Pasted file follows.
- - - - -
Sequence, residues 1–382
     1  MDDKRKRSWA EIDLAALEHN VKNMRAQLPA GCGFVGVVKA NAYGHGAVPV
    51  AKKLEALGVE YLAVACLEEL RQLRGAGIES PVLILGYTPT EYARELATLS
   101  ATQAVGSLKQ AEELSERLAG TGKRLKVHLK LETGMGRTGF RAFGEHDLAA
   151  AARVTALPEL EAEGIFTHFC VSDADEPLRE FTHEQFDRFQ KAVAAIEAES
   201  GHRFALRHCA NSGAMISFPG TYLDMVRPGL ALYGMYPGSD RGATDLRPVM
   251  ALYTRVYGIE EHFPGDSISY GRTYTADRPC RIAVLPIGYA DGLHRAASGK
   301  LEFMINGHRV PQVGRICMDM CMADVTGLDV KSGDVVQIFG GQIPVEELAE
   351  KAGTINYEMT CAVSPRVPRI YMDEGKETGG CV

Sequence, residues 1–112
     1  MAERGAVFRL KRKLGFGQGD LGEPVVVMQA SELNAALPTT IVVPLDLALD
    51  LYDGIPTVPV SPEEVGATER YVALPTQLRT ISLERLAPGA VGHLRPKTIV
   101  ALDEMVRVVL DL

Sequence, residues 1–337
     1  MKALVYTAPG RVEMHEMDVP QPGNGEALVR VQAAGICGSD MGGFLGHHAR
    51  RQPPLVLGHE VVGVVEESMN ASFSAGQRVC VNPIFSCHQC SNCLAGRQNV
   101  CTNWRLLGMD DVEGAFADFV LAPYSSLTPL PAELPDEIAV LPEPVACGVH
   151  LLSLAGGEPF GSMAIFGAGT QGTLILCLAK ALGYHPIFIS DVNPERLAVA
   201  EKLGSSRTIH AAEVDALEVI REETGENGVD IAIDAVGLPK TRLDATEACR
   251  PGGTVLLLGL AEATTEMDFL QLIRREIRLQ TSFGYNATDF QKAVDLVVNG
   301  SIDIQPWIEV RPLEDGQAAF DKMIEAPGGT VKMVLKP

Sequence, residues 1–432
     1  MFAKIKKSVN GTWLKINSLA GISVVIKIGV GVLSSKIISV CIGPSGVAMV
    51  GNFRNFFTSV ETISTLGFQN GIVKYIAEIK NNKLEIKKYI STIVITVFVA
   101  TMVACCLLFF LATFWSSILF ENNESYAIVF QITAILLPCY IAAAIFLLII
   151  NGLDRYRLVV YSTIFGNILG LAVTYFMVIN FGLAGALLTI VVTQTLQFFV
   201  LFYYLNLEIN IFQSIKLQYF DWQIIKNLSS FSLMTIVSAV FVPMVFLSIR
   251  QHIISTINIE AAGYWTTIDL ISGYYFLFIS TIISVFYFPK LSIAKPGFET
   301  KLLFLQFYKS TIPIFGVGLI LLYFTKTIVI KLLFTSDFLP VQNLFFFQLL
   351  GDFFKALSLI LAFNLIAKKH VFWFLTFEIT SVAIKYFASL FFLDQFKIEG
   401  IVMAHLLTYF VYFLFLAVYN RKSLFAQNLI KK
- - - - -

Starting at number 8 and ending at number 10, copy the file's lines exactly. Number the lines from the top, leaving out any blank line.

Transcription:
   301  LEFMINGHRV PQVGRICMDM CMADVTGLDV KSGDVVQIFG GQIPVEELAE
   351  KAGTINYEMT CAVSPRVPRI YMDEGKETGG CV

Sequence, residues 1–112